If you are like me you are looking at a millennial pink book with “Buzzfeed” on the cover and thinking, Hm. That just can’t be all that substantial. Unfortunately for us, that reveals our biases. Fortunately for us, we are wrong. This book holds up a magnifying glass to ten women and tells us why we hate them. Anne Helen Petersen shows how, through their actions, looks, or voices, they’ve violated an unwritten behavioral code for women. Each of the chapters is fair, not just a celebration of the women but also not a critique. Petersen shows the ways they’ve been brave in throwing off the yoke of the patriarchy, but also the times they gave in, or the ways they just violated our social codes on accident. “Which is precisely why I wanted to write this book: these unruly women are so magnetic, but that magnetism is countered, at every point, by ideologies that train both men and women to distance themselves from those behaviors in our own lives. Put differently, it’s one thing to admire such abrasiveness and disrespect for the status quo in someone else; it’s quite another to take that risk in one’s own life.To be an unruly woman today is to oscillate between the postures of fearlessness and self-doubt, between listening to the voices that tell a woman she is too much and one’s own, whispering and yelling I am already enough, and always have been.” Rating: 8.5/10
This was the first book Caleb ever bought me and how I confirmed that he was marriage material. It kind of leaves me at a loss; these stories take the lid off a world a lot of us would never see. They left me longing for her voice in everything I've read since. So I don't overstay my welcome, I'll leave you with Lydia Davis's words about this collection. "I have always had faith that the best writers will rise to the top, like cream, sooner or later, and will become exactly as well-known as they should be--their work talked about, quoted, taught, performed, filmed, set to music, anthologized. Perhaps, with the present collection, Lucia Berlin will begin to gain the attention she deserves." . “Whenever Ter read a book, rarely—he would rip each page off and throw it away. I would come home, to where the windows were always open or broken and the whole room would be swirling with pages, like Safeway lot pigeons." Rating 10/10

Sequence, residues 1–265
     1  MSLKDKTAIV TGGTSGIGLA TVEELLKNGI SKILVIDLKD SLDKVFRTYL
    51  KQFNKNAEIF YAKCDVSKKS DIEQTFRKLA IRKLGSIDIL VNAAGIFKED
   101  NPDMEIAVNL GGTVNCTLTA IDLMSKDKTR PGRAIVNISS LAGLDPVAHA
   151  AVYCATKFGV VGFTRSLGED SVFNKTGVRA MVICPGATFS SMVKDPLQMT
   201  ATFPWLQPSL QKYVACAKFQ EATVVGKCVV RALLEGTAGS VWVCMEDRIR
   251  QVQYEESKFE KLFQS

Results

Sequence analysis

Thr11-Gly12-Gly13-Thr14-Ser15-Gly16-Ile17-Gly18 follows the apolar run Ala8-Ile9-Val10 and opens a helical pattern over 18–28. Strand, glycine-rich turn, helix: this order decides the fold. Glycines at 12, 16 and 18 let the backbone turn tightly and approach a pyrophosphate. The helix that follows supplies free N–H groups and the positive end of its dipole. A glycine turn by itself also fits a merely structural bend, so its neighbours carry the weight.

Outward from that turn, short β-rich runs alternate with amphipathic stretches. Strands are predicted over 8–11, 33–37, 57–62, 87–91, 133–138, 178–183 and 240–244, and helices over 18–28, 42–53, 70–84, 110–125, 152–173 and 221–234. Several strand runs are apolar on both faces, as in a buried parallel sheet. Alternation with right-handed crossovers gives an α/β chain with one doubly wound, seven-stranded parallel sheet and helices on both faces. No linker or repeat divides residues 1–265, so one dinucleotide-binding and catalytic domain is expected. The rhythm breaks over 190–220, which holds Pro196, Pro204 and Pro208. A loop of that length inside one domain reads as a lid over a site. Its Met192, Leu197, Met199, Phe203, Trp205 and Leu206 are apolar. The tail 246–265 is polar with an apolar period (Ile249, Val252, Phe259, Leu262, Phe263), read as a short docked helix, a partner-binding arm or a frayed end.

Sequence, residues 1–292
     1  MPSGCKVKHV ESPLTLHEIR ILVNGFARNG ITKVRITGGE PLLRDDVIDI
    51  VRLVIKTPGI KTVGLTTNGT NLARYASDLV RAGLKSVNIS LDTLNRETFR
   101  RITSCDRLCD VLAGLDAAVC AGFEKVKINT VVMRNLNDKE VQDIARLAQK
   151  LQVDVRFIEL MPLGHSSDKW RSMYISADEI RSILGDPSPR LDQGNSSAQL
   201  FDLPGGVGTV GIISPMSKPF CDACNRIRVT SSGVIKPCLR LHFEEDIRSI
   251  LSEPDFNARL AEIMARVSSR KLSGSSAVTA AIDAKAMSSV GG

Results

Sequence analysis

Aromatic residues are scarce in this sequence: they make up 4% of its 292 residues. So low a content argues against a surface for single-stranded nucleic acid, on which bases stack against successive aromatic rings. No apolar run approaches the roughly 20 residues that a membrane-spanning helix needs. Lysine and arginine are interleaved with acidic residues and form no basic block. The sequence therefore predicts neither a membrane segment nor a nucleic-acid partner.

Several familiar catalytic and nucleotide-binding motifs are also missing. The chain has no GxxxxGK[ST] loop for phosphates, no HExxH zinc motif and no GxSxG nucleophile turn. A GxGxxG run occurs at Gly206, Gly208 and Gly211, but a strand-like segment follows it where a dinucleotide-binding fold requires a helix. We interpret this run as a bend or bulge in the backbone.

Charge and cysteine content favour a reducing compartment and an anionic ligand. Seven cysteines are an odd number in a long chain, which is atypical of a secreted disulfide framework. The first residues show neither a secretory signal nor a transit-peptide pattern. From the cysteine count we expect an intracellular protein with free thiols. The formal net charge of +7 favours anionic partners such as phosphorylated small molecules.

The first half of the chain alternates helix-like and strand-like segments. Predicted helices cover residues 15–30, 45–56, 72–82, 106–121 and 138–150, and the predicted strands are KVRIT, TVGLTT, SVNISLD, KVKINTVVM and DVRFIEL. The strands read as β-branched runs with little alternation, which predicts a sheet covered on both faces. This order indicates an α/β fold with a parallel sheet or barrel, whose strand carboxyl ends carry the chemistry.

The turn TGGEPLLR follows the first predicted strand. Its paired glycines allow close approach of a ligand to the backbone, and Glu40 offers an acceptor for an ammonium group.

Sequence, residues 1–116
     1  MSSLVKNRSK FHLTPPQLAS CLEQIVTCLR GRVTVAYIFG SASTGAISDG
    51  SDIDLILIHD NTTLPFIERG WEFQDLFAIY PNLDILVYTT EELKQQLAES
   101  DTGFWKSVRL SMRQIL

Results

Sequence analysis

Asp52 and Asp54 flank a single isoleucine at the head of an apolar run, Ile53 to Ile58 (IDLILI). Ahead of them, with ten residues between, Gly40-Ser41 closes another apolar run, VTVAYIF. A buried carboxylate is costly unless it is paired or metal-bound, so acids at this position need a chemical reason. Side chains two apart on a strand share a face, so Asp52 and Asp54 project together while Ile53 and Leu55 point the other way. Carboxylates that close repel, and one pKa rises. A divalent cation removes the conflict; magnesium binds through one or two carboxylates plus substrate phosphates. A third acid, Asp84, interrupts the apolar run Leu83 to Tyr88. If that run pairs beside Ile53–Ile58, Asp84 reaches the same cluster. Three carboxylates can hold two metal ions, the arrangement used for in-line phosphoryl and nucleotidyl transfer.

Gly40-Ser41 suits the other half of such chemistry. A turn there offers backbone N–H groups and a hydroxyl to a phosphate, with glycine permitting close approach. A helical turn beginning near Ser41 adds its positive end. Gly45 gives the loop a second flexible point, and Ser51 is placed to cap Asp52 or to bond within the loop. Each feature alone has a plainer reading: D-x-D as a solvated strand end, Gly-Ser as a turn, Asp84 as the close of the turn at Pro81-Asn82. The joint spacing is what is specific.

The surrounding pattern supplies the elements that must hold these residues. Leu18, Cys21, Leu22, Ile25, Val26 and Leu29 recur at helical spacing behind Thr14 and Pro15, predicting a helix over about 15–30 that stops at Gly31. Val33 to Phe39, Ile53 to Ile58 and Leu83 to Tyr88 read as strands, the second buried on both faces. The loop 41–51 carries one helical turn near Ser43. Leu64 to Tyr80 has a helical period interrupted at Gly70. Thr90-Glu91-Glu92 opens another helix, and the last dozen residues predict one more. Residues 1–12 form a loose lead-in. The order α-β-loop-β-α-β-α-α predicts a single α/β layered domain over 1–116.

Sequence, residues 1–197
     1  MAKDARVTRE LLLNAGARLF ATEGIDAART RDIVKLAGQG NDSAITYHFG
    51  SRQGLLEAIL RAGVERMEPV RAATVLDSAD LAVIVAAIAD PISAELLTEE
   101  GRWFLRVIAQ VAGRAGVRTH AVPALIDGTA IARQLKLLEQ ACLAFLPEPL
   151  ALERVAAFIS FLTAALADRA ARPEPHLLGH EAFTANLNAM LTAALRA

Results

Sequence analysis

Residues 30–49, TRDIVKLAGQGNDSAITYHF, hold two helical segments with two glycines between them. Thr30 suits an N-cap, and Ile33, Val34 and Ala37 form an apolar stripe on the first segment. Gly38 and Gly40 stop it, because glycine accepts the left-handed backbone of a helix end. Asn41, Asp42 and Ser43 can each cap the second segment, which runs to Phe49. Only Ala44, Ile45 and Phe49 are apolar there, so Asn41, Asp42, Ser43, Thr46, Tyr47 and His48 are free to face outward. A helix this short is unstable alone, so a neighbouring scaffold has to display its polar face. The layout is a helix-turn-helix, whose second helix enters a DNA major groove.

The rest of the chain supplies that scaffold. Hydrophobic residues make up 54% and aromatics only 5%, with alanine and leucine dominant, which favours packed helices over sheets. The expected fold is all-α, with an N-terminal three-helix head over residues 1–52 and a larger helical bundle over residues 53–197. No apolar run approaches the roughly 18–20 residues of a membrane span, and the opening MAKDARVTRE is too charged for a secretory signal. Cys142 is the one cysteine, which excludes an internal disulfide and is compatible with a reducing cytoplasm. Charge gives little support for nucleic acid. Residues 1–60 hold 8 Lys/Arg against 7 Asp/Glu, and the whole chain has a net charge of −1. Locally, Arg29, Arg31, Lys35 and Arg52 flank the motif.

the first newsletter will send in two fridays! not immediately sending every thought I have to all of you via email is requiring a patience and tenacity that is very unlike me, but John Mayer gave a pep talk on his story about 10,000 hours that helped. it’s looking like we’re going to start with a five part series and all those books are hints!!! do you think Instagram will ever support non-paid clickable links so we don’t always have to say “the link is in my bio?” probably not. the link is in my bio.
I first discovered entire books of essays existed with Sloane Crosley’s “I Was Told There’d Be Cake” during Spring Break my junior year of college (it really took me that long). It felt like a miracle. It was the kind of writing I wanted to do, written by the kind of authors I wanted to befriend. I read nothing but essays for about a year. But the thing about essays is that they have to be Good. They either have to be very informative, very poignant, or very very funny, and either way they have to be so well written that you don’t feel like you’re wasting your time. They have to fight to prove themselves in a way that novels and traditional non-fiction get a pass on. All that to say, this one lost the war. The first essay was electric, about her and her best friend growing up in Florida, and I wanted the rest of them to follow suit, but they were too long, too detailed. They were interesting enough topics, but she couldn’t get back to the humanity of the first essay. And it wasn’t really that much about Florida. I really wanted it to be more about Florida. Rating: 4/10